What defines success and how to write about success? The English poet Rupert Brooke did in the poem that has the same title as the subject we are touching. The idealistic poems he wrote, made people calling him Chaucer.
About Rupert Brooke
Rupert Brooke (born Rupert Chawner Brooke, August 3 1887) was an English poet, who wrote beautiful sonnets. He was inspired by the pre World War One world. He wasn’t allowed to grow, for he died at the age of 27 on April 23 1915.
“The handsomest young man in England”, that was one way to describe him. This description came from no other than William Butler Yeats. This poet started publishing his work at the beginning of the twentieth century. During his period as a student at King’s College, he made some friends in the literary world. He decided to break with the group that is identified as the Georgian Poets, when he was dealing with his own sexuality in 1912. He decided to spend some time in Germany, United States and Canada. He also travelled the Pacific.
When World War One started, Brooke was commissioned into the Royal Naval Volunteer Reserve as a sub-lieutenant. On February 28 1915, he got sick. He was stung by a mosquito. The sepsis that followed lead to his death on April 23 of that same year.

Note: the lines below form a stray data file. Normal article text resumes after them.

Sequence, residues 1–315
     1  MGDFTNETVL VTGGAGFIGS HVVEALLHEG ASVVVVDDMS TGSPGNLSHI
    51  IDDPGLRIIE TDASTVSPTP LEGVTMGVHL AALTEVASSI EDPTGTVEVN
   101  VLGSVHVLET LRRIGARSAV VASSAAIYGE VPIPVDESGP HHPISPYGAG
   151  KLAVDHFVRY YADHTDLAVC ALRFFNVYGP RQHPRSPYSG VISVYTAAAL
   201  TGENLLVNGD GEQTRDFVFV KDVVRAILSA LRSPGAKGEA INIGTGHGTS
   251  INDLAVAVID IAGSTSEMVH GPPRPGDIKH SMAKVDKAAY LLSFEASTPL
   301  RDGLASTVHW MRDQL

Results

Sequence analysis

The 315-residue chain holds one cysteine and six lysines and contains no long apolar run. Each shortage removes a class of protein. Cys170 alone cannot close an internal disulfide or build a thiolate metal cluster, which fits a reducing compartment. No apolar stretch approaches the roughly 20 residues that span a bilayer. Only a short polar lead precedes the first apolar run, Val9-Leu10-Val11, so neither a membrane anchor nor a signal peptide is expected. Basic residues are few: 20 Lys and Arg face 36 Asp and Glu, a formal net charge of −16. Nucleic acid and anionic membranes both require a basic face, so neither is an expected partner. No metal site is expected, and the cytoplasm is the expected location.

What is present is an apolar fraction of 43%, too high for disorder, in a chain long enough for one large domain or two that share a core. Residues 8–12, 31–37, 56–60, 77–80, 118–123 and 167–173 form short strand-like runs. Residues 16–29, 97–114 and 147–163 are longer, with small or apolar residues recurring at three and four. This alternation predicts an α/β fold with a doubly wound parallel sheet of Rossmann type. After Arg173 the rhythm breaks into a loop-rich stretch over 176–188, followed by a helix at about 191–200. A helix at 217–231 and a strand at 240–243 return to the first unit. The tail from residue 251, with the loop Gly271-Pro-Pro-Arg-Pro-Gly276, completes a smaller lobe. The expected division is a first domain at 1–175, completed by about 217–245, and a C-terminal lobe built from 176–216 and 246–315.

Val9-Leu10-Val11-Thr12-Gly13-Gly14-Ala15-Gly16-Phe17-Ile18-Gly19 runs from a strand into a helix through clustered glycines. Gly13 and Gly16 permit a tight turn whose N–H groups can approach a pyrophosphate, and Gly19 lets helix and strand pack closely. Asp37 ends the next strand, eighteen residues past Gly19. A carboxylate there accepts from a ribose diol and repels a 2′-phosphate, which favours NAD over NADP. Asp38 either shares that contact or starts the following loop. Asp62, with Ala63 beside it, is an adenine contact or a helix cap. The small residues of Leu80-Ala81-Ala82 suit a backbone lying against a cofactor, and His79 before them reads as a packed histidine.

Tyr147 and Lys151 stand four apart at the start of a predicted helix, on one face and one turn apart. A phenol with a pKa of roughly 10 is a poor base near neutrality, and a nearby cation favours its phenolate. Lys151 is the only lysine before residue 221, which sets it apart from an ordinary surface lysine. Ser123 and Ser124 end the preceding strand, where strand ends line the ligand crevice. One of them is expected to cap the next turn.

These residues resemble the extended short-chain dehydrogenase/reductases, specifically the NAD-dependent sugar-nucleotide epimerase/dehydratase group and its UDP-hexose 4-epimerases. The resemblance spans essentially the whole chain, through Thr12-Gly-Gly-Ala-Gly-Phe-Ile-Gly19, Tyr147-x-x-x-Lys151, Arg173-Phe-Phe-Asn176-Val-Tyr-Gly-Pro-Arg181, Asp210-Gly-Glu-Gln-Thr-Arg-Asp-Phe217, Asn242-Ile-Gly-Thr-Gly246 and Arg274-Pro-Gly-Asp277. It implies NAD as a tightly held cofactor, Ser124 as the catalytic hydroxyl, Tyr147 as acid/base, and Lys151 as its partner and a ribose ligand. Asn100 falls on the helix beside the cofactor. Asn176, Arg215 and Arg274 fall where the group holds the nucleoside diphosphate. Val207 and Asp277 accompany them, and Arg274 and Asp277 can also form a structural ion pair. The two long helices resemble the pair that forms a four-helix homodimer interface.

What defines success? When it comes to love, there are many of us who ask the questions why a relationship wasn’t successful. Why was the ending coming at moment that is considered as too soon or too late? Here we find the poet Brooke, who dwells on this all. Let’s not forget, that Brooke was struggling with his sexuality. Although the poem was written in 1910, one can not see this poem apart from the events that took place in 1912. When he decided to break up and spend time abroad.
I think if you had loved me when I wanted;
If I’d looked up one day, and seen your eyes,
And found my wild sick blasphemous prayer granted,
And your brown face, that’s full of pity and wise,
Flushed suddenly; the white godhead in new fear
Intolerably so struggling, and so shamed;
Most holy and far, if you’d come all too near,
If earth had seen Earth’s lordliest wild limbs tamed,
Shaken, and trapped, and shivering, for my touch —
Myself should I have slain? or that foul you?
But this the strange gods, who had given so much,
To have seen and known you, this they might not do.
One last shame’s spared me, one black word’s unspoken;
And I’m alone; and you have not awoken.
— Rupert Brooke
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